NOTE: I finally finished Stranger Things 2, and there are some light spoilers in this post. This warning is here in case you’re late to the party like me.
But like the saying goes: If you’re going to be late to the party, make sure you bring some good guacamole.
Spoilers beyond this point.
At the end of Stranger Things 2, the main characters get to take a brief victory lap at the school’s Snow Ball dance. There’s one dance floor pairing that stands out: Nancy and Dustin.
There’s plenty that could be said about the relationship between Nancy and Steve, and how Dustin is now trying to emulate Steve, but I’m not interested in that aspect. ¯_(ツ)_/¯
Instead, let’s look at two moments, one from season 1, and one from moments before this dance, and what connects them.
So much of Stranger Things 2 is about the past bleeding into the present, worming its way back and refusing to be forgotten.
Nancy starts out Stranger Things 2 dealing with the guilt of Barb’s death. It creeps up on her at odd times. She can’t escape Barb’s memory.
Nancy sent Barb away so she could be alone with Steve, leaving Barb vulnerable to an attack from the Demogorgon.
Nancy could have no idea she was sending Barb to her death, but she carries the weight of being one of the few people in Hawkins who know the full story. Her knowledge and guilt separate her from most of the rest of the town, leaving her conflicted and angry.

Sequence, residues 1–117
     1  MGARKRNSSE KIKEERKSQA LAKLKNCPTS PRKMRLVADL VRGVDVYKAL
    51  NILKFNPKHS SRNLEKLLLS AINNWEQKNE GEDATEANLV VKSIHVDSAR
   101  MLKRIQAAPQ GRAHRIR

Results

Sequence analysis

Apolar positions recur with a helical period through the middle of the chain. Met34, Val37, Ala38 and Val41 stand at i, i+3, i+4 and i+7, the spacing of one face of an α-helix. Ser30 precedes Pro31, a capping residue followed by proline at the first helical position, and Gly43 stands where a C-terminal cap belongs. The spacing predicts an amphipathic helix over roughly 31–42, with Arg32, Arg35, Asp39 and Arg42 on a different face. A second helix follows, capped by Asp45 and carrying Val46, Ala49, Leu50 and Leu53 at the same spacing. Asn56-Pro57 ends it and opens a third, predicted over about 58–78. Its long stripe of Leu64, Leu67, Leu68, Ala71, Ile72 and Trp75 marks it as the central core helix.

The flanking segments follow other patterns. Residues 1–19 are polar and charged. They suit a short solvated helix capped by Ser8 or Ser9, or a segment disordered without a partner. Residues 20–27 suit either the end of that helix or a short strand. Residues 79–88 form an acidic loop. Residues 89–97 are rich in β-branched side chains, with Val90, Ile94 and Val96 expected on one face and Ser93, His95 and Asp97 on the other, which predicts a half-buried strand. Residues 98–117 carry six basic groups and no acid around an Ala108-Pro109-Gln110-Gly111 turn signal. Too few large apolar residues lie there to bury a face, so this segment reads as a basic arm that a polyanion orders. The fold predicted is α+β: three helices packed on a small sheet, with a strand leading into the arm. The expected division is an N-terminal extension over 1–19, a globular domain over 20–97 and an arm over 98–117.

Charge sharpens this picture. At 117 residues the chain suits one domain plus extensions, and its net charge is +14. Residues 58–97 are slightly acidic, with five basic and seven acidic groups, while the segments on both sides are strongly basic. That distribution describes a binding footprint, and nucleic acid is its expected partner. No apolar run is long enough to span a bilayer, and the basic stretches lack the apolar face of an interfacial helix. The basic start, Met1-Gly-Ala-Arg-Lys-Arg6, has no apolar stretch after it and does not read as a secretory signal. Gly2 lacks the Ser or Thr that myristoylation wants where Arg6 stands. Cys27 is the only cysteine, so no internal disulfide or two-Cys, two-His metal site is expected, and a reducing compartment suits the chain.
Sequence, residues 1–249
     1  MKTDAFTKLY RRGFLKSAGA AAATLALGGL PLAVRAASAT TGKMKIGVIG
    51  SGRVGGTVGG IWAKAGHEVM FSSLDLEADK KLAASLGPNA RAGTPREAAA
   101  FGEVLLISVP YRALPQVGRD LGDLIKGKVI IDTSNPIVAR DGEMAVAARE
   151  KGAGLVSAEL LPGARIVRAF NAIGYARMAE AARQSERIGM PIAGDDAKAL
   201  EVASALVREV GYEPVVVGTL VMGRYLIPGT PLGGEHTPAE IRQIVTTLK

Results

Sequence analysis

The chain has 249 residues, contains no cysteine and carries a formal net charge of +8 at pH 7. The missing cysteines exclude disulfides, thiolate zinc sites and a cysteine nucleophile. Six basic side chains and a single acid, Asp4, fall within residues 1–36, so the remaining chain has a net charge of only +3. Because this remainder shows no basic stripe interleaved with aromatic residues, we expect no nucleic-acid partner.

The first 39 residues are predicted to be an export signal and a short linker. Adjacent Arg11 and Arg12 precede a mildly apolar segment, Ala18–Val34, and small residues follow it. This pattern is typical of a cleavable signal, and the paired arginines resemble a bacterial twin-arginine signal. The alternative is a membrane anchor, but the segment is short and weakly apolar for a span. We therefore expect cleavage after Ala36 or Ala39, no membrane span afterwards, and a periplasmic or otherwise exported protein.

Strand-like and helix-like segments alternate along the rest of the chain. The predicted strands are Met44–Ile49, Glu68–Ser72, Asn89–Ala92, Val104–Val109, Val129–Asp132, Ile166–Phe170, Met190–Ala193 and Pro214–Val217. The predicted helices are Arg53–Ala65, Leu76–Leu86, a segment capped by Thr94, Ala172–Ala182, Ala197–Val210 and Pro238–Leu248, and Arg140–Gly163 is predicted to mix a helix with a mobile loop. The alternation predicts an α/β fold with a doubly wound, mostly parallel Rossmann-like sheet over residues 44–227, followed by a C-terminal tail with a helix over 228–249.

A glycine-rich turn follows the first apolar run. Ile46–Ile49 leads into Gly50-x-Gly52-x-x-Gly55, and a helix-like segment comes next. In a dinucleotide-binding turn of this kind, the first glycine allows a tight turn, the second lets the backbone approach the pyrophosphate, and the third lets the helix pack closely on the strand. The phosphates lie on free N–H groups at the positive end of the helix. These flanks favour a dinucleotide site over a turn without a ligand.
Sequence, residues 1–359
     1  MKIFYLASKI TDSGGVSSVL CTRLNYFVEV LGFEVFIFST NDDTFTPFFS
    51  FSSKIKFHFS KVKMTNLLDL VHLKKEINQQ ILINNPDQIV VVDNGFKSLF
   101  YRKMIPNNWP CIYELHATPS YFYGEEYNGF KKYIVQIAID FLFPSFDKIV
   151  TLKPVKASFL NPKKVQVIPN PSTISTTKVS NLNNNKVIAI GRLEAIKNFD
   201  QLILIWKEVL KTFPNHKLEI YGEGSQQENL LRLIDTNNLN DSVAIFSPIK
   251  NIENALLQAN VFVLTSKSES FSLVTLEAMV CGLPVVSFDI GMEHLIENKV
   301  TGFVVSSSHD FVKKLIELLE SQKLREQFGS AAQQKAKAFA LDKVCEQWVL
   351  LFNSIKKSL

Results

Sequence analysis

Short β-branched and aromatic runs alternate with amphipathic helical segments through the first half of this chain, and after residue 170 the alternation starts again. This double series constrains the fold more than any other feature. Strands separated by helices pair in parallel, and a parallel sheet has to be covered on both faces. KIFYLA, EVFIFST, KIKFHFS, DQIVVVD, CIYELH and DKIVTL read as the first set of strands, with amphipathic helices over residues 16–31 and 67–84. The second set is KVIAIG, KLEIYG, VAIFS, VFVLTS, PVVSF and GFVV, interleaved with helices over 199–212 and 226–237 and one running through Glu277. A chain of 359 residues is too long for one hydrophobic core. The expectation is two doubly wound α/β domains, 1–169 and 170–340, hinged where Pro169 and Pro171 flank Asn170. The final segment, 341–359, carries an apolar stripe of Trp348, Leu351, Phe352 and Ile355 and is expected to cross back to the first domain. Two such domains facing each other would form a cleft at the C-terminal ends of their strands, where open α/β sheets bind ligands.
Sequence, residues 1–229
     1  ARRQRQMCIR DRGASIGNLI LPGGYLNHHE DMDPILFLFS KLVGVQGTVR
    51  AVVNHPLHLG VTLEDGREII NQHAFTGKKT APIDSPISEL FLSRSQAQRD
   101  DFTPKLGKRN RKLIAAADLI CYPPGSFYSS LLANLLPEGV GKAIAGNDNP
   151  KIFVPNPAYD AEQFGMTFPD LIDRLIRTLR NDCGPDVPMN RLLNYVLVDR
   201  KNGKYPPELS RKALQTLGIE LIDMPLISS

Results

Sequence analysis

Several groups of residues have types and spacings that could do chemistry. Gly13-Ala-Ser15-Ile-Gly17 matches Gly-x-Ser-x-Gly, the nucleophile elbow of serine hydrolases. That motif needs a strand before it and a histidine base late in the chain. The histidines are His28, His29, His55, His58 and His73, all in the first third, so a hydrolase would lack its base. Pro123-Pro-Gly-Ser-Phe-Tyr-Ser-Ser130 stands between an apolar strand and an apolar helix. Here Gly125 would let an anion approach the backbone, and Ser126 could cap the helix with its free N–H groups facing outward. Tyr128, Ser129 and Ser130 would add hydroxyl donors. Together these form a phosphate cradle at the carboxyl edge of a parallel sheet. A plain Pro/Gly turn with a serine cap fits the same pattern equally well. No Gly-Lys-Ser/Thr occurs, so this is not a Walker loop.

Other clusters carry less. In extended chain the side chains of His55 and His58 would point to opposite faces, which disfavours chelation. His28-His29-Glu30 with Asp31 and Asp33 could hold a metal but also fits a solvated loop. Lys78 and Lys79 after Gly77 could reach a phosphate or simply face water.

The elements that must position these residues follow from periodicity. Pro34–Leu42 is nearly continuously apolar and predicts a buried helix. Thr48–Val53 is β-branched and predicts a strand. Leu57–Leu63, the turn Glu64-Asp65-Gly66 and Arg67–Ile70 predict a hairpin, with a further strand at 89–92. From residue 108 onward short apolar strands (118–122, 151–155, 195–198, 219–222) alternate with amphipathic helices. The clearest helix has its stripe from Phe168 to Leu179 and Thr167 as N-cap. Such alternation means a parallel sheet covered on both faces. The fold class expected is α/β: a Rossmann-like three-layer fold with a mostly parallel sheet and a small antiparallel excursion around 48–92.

But let’s go back further, to before Nancy knew definitively what happened to Barb. Back in season one, Nancy caught a glimpse of the last moment anyone saw Barb before she was pulled into the Upside Down.
Through Jonathan’s pictures, Nancy sees Barb’s sadness and isolation. This was Nancy’s fault. Nancy brought Barb to a place she didn’t want to go, then ditched her to canoodle with Jean-Ralphio’s dad. (This is canon.)
The memory of this image matches up with what Nancy sees when she looks at Dustin after he’s been rejected by the girls at the dance.
Yes, when she brings Dustin on to the dance floor, she’s trying to make him feel better. She knows what they’ve all been through (twice now). But this is just as much about her trying to deal with her guilt over Barb.
Seeing another friend having that same moment of isolation, she chooses to reach out instead pushing them away.
And the show, using the positioning of the actors and framing within the camera, as well as Nancy’s gaze, tells us these moments are all connected.
There’s no Justice for Barb. Not really. And Nancy can’t directly make reparations for the harm she’s caused others through her indifference to her friend.
The show deals with trauma as an absence. A lack. Like a missing puzzle piece that keeps you from seeing the whole image.
But there’s no bringing Barb back. No finding the missing piece. The best that Nancy can hope for is a substitution.
What Nancy wanted, at the start of the season, was a way to make amends for letting Barb go of alone and get killed by the Demogorgon. What she needed was to learn to have more honest connections with the people around her. To bring people in instead of pushing everyone away.
And it doesn’t just go for Nancy. The whole cast of characters, from Eleven, to Joyce, to Hopper, are all cobbling together a new whole, pooling together the pieces they each have left.